nuclear family, parental authority, and religious beliefs; mothers are
encouraged to find fulfillment by leaving their children in the care of
strangers and entering the workforce, and social or legal restraints on
sexual activity among adolescents are targeted for removal. Surprisingly,
these committees ignore the mounting evidence that the basic family unit of
married parents who worship yields far superior social outcomes for
children's health, intellectual development, and educational and income
attainment, and lower rates of crime, welfare dependency, and teenage
pregnancy. They also ignore polls that show most mothers would prefer
staying home to raise their young children.

Although the United States has not ratified these conventions, the Clinton
Administration supported the agenda of the U.N. implementing committees.
The Bush Administration and Congress now have an opportunity to make a
strong statement: The United States firmly supports parents' rights and
national sovereignty and will oppose the efforts of U.N. agents to impose
their radical agenda on any country, especially small and poor ones. The
State Department should review the reports of these committees and devise a
strategy to reduce the threat that their proposals pose to all societies.

Specifically:


*Make clear that the United States will not ratify the Convention on the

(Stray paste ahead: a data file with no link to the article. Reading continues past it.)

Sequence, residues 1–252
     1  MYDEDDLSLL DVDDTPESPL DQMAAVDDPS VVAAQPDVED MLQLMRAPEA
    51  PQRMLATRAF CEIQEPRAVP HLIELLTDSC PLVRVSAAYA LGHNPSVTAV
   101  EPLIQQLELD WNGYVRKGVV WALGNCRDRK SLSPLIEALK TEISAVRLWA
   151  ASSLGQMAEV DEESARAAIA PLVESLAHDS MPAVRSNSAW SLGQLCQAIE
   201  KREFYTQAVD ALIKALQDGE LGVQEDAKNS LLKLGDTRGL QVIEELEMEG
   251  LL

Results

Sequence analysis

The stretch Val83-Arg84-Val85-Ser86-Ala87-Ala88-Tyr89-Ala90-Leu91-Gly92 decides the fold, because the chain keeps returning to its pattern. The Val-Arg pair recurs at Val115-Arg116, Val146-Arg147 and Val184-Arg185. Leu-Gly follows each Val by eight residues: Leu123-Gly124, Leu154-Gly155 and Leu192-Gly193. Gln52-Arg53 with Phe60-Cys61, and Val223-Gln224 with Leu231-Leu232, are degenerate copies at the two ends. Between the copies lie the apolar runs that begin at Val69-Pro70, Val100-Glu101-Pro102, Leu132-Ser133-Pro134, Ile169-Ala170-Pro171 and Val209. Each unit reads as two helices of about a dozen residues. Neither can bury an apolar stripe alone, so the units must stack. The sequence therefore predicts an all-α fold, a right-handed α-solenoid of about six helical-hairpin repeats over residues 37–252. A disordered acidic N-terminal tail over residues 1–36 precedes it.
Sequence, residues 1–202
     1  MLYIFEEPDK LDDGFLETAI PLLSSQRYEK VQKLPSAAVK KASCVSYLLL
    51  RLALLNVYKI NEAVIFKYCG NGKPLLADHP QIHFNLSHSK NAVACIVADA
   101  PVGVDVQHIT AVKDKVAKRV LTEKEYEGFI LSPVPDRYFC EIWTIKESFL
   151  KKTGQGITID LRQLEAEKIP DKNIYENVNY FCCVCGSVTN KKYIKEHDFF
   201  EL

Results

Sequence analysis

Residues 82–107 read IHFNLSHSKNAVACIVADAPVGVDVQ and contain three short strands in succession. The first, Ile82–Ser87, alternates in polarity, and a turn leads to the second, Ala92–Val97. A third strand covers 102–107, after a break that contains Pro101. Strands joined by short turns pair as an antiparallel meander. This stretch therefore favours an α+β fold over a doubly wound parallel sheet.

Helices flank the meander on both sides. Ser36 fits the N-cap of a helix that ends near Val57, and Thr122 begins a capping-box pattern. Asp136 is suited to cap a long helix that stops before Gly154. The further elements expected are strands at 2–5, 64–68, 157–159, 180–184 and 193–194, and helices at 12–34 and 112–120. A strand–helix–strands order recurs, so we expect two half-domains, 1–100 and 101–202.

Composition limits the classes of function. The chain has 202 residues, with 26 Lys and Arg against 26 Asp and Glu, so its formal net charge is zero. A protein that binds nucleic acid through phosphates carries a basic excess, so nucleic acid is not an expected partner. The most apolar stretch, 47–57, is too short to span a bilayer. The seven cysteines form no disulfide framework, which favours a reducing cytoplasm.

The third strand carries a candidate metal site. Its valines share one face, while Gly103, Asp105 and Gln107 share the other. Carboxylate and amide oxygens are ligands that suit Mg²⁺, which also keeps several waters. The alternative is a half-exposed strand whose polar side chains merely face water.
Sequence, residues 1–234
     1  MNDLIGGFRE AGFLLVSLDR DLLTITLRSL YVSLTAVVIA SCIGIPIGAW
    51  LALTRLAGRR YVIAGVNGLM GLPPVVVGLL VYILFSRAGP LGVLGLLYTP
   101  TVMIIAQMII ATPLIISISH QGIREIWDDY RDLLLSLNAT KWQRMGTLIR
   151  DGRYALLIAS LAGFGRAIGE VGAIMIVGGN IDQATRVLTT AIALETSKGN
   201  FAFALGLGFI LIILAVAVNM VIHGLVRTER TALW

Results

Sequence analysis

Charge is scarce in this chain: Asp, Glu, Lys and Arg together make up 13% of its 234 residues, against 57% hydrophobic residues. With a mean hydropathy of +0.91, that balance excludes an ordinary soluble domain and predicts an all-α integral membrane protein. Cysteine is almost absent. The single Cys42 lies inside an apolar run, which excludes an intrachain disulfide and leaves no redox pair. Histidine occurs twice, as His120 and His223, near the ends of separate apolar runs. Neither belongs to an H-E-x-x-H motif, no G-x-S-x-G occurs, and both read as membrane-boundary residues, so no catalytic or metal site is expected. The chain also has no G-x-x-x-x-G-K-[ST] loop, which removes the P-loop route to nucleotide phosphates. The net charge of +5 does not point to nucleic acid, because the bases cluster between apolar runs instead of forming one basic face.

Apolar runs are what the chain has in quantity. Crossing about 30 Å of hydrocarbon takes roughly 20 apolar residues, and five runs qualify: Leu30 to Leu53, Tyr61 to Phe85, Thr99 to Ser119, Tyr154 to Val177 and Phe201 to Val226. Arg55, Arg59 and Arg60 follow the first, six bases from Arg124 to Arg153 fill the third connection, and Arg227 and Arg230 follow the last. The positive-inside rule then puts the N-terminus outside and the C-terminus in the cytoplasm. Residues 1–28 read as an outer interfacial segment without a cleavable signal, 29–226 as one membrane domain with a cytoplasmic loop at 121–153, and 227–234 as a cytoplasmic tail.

Rights of the Child or sign the Convention on the Elimination of All Forms
of Discrimination Against Women because of the implementing committees'
controversial interpretations.

*Make clear that the United States firmly supports the right of parents to
make decisions regarding the health, education, and religious upbringing of
their children.

*Urge other nations, especially poor and lesser developed nations, on a
selective basis to refuse to cooperate with U.N. committee reporting
systems in these areas because the directions they receive violate
traditional family and religious norms.

*Establish ways to counter any threat or reprisals at the U.N. against
nations, especially poor countries, that seek to defend their cultures,
religious beliefs, and families.

*Conduct hearings on the efforts of U.N. committees to implement policies
that undermine the family, religious freedom, and national sovereignty.

*Demand that the State Department submit by a fixed date an annual detailed
report of the activities and spending of U.N. committees that deal with
family and religious issues, and use the evidence in these reports to
reduce funding for any activities aimed at changing traditional family and
religious norms.

*Request the U.S. General Accounting Office to assess the flow of funds
from the United States to non-governmental organizations acting under U.N.
auspices to implement the committees' radical agenda.


*Start a new alliance at the U.N. with countries that will work to protect
and strengthen social structures supporting the family, religious freedom,
and national sovereignty.



-- Patrick F. Fagan is William H. G. FitzGerald Fellow in Family and
Cultural Issues at The Heritage Foundation.